(THIS ARTICLE IS MACHINE TRANSLATED by Google from Norwegian)
In recent weeks, the temperature and heart rate in the editorial office have been several notches above the average. When the first edition of Ny Tid in a new costume and with new owners is sold in stores all over the country today, we have put a historic tug-of-war in Norwegian media history behind us. To some, it has emerged as the struggle for the soul of the left. Gradually, the battle has most clearly proved to be a generational battle. And as the cultural editor of a major newspaper dryly said to me the other day: In generational conflicts, there is never any doubt about who is right… Here in the house, we are at least happy that the "youth" coup Orientering after the trial number in December 1952 so that Sigurd Evensmo became editor of the first regular edition on February 19, 1953.
Since it became known that the publisher Damm would take over Ny Tid, some older SV members have campaigned against the process. They have talked about capitalism, but broken old dividing lines when they have organized themselves across the parties on the left to stop the takeover. Without putting on the table any real options. But as Evensmo wrote in No. 1/53: A political opposition that has nothing to say but a "no!" will usually have a short lifespan.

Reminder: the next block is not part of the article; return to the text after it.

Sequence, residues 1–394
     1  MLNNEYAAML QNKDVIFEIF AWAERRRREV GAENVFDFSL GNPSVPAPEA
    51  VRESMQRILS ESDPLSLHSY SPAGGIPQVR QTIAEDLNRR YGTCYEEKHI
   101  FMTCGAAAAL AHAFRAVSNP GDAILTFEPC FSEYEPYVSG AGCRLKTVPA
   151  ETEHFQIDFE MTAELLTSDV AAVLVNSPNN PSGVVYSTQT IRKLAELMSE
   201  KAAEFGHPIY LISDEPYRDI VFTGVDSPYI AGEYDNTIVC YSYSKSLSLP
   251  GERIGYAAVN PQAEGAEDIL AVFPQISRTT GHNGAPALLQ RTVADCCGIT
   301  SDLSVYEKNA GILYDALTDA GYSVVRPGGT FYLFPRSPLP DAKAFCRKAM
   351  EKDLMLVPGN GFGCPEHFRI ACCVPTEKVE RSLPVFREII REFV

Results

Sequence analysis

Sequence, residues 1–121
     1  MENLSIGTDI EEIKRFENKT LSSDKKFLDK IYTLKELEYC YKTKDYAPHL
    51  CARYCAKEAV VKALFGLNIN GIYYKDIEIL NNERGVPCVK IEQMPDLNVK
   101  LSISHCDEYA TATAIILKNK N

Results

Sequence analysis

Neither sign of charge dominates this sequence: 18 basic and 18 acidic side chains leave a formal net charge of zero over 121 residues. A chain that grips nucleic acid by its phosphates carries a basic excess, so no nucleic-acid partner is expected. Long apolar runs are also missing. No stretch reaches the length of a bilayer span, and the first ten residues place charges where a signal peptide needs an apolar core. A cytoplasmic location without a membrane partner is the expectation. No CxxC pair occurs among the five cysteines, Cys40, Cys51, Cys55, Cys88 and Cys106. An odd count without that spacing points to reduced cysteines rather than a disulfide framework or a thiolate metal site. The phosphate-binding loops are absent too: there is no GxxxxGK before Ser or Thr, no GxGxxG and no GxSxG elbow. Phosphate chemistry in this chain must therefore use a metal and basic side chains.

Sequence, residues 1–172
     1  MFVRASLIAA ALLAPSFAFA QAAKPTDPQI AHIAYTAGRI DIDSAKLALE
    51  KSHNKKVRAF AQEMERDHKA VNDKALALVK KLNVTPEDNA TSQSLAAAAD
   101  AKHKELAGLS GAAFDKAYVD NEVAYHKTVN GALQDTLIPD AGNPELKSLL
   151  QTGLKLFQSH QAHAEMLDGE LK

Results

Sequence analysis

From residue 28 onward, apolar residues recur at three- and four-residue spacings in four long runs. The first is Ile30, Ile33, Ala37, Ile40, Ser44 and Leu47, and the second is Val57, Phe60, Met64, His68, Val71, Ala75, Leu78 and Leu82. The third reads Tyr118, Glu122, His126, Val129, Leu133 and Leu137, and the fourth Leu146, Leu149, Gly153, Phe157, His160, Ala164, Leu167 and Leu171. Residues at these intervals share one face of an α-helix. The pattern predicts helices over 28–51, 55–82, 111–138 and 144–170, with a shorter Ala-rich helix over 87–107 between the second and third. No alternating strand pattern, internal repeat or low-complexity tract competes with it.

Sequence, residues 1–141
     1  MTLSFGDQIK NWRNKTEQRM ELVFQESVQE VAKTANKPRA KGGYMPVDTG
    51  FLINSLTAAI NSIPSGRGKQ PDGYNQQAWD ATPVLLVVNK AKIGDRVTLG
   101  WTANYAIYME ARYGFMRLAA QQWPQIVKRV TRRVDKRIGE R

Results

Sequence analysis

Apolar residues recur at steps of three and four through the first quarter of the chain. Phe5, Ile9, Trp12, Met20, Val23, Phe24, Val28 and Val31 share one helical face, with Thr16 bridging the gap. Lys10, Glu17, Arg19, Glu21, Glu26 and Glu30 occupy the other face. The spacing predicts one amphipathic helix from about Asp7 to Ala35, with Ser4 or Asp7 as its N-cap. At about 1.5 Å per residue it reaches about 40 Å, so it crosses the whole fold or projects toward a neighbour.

The dispute has been about the right to continue the legacy Orientering. Opponents who are better acquainted with financial crunch than us have created corporations by the same name and stated on Monday that they want to hijack the name Orientering from us in New Time. We can not stop the AS. But no one should be in doubt about who continues the legacy of Sigurd Evensmo, Karl Evang, Georg Johannessen and Finn Gustavsen. We who work in Ny Tid are proud to continue working in the unbroken line from Orientering.
We highlight this on these pages, including a permanent column where we print classics from the newspaper's history. This time it is Johan Borgen who represents the legacy. The text from Orientering 1965 is accompanied by a freshly drawn portrait by the author. He will be followed by many more. I am pleased to present illustrator Manuele Fiore as new Orienterings characteristics. He has been voted by one of our most exciting young cartoonists by other media. For us, he is a welcome employee who lifts the good articles and spreads color in a heavy text everyday. On these pages he will make his fresh mark on both heavy and light, new and old texts.
I hereby confess myself to Sigurd Evensmo's expressed goals when he became editor of Orientering, and wants to stimulate the many to new, free and bold exchanges on these sites. And as the editor in the first issue of Orientering wrote in its program statement: We believe there are many who will endorse a newspaper that, unbundled for the sake of party and prestige, will discuss the burning issues of the time. You are hereby invited to Orientering. And neworientering.